The Spanish artist spent eight years in New York City during the 1940s, where he engaged with new ideas, worked with high-profile American artists and institutions, and heavily influenced a city that was growing into an international art center. During this time, Dalí collaborated with the choreographer Leonide Massine on the ballet Mad Tristan, inspired by Wagner’s Tristan and Isolde. The artist’s striking hand-painted original backdrop is featured in Daniele Finzi Pasca’s La Verità, a physical theater tribute to Dalí himself, at the BAM Howard Gilman Opera House May 4—7. After the jump, peruse some of Dalí’s activities in New York of the 1940s, with an emphasis on the theater.

BAM Blog Questionnaire: Petra Reinhardt of Les Fêtes Vénitiennes

Les Arts Florissants explore the hedonistic side of the French Baroque with the rarely staged opéra-ballet Les Fêtes Vénitiennes, coming to the BAM Howard Gilman Opera House April 14—17. Gamblers, carnies, gypsies, and jilted lovers—baring lots of leg via scanty updates on period dress by designer Petra Reinhardt. We spoke with Reinhardt about her research process, designing for performers and the practicality of Venetian footwear.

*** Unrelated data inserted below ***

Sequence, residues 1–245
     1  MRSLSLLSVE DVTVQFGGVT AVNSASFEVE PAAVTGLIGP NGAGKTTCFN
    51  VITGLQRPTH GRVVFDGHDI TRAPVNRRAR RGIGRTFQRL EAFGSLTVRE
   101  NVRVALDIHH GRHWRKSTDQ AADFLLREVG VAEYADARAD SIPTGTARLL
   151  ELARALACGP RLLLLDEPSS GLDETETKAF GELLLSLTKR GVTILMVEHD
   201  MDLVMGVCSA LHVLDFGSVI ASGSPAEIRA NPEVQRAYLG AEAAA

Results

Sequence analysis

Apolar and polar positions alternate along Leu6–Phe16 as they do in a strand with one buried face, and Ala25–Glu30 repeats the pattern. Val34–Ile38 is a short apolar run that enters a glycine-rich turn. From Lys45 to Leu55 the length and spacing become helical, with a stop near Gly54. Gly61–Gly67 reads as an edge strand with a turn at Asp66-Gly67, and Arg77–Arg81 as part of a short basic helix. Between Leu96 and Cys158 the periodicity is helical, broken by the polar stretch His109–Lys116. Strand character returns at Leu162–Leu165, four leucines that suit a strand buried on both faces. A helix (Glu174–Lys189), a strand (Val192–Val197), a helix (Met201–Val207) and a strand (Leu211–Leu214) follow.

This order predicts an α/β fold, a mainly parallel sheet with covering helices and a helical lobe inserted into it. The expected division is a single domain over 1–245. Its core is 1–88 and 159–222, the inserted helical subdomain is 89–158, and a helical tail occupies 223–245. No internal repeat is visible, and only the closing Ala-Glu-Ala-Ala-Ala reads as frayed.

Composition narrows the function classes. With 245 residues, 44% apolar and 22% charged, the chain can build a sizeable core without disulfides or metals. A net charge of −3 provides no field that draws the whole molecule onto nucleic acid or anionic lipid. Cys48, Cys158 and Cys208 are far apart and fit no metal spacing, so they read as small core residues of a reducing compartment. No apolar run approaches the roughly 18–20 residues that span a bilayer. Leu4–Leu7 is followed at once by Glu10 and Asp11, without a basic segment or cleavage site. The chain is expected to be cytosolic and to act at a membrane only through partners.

How did you come to work with director Robert Carsen and scenic designer Radu Boruzescu? How did you collaborate with them on the costumes for Les Fêtes Vénitiennes?

I was working with Robert Carsen on a Magic Flute at Opera Bastille in Paris. At the final dress rehearsal, I had the honor to meet Radu and his wife Miruna, who had worked with Robert on many productions. I was immediately drawn to Miruna as an artist and human being, and after that one meeting, knew that she was an incredible person.

Miruna was engaged to design the costumes for Les Fêtes Vénitiennes, and talked to me about it. As I have a huge library about Venitian art and culture, and have lived in Italy and know Venice very well, I offered Miruna my books for her research. Sadly, Miruna passed away a few months later in 2014.